This week in Pre-Algebra we are reviewing square and introducing cube roots. Many of the kids have a tough time visualizing why a number is squared (it really makes a square!) and why they are cubed (3-D cube!). I wanted to spend some time really linking exponents to roots.. squaring is opposite of square root, cubing is opposite of a cube root..

I started the lesson with a square root video from BrainPop (requires login) and had the kids fill in an organizer with their own definitions of words from the video.

Then I played the song “It’s Hip To Be Square” by Huey Lewis and the News while they created a circle map of everything they knew already about squares.

Then with their shoulder partners, they had to draw the first three smallest squares and talk about their dimensions (1×1, 2,×2, and 3×3) in relation to the total squares.

After some discussion, they had to draw the first 15 (or as many as they could fit – then follow the pattern) perfect squares on a sheet of graph paper that they glued into their interactive notebooks. They used the information from their graph paper to fill in this chart:

We then discussed the relationship between length, width, and area of a square. We discovered that the side lengths will always be the same in a perfect square so we can say side x side = side squared.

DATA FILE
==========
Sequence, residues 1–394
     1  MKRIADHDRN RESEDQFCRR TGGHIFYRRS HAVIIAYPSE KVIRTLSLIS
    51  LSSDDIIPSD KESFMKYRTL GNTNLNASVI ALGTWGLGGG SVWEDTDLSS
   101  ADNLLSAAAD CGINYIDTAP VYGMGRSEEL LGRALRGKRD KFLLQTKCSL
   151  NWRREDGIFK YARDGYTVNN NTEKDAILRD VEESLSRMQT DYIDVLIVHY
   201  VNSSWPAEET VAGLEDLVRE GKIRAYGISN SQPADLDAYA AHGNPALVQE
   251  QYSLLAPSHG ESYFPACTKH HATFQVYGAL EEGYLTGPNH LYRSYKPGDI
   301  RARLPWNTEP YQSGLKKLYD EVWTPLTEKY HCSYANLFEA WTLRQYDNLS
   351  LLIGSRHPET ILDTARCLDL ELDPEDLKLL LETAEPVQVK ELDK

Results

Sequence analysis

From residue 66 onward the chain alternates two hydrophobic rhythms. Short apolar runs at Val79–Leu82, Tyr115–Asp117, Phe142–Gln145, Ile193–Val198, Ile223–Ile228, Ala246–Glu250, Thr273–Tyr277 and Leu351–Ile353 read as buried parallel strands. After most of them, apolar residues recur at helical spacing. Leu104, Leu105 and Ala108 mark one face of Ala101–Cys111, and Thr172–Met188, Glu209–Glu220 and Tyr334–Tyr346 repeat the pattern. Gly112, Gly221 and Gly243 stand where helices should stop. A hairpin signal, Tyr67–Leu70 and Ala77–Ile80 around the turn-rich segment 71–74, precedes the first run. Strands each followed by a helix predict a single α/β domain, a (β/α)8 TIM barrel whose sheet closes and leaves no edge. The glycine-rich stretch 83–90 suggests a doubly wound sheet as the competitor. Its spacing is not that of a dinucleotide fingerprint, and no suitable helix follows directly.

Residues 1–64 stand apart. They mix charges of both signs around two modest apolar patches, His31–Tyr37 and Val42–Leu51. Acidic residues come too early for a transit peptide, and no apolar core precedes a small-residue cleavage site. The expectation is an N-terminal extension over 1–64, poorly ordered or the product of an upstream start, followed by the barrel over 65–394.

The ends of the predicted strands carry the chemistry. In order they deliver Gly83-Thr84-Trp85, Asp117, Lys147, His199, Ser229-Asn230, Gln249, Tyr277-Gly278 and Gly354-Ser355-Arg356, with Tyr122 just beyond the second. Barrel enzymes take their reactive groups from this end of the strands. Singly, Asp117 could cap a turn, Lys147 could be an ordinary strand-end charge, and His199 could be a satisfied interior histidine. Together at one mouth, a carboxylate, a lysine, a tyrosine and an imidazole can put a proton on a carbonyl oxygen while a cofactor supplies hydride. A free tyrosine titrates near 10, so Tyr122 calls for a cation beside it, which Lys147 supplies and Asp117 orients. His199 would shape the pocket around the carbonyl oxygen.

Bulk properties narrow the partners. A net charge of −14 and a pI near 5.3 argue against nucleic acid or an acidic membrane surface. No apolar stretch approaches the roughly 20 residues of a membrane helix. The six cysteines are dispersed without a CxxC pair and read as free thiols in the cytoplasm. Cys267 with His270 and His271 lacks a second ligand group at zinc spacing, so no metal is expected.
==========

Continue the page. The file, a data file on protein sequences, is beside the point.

After more discussion we filled in this organizer:

I really think the “if…. equals….. then…. is….” helped a lot of my students to understand the relationship between the two. I made sure to use the sentence framing for each of the examples.

I have a 90 minute block A/B schedule, so we then continued on to cube roots and approximations of square roots. For a shorter class this is a great ending point before practice/homework.

Cube Roots: I first had the students independently answer these two questions based on the diagram:

A lot of students didn’t understand how there were only 27 cubes, they wanted to count faces and answered 54. I had to show them layer by layer why there are only 27.

Then we discussed how cube roots are similar and different from square roots here:

Then I gave them the rest of the chart for independent practice:

We quickly talked about approximating square roots to what two whole numbers a non-perfect square lies between.

They all seemed to get this part fairly quickly:

Then I gave them a homework page with word problems and practice placing roots on a number line.

The file is available (for free) in my TPT store!!

Enjoy!

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